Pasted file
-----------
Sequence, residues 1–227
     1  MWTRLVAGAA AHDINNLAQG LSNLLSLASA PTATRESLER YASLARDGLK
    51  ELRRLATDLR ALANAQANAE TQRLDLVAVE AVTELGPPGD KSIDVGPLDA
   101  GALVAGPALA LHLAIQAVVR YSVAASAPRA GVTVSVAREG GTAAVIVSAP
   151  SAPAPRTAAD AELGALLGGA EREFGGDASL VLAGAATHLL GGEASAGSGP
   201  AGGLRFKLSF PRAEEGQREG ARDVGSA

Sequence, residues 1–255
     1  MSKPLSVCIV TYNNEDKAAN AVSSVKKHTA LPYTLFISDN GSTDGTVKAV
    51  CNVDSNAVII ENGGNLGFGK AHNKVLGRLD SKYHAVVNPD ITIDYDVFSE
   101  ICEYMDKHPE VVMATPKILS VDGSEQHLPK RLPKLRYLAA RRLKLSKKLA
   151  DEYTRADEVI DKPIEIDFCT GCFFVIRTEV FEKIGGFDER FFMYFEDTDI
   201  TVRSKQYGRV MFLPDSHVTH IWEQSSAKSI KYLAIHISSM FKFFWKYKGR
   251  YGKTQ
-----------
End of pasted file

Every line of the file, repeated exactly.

Sequence, residues 1–227
     1  MWTRLVAGAA AHDINNLAQG LSNLLSLASA PTATRESLER YASLARDGLK
    51  ELRRLATDLR ALANAQANAE TQRLDLVAVE AVTELGPPGD KSIDVGPLDA
   101  GALVAGPALA LHLAIQAVVR YSVAASAPRA GVTVSVAREG GTAAVIVSAP
   151  SAPAPRTAAD AELGALLGGA EREFGGDASL VLAGAATHLL GGEASAGSGP
   201  AGGLRFKLSF PRAEEGQREG ARDVGSA

Sequence, residues 1–255
     1  MSKPLSVCIV TYNNEDKAAN AVSSVKKHTA LPYTLFISDN GSTDGTVKAV
    51  CNVDSNAVII ENGGNLGFGK AHNKVLGRLD SKYHAVVNPD ITIDYDVFSE
   101  ICEYMDKHPE VVMATPKILS VDGSEQHLPK RLPKLRYLAA RRLKLSKKLA
   151  DEYTRADEVI DKPIEIDFCT GCFFVIRTEV FEKIGGFDER FFMYFEDTDI
   201  TVRSKQYGRV MFLPDSHVTH IWEQSSAKSI KYLAIHISSM FKFFWKYKGR
   251  YGKTQ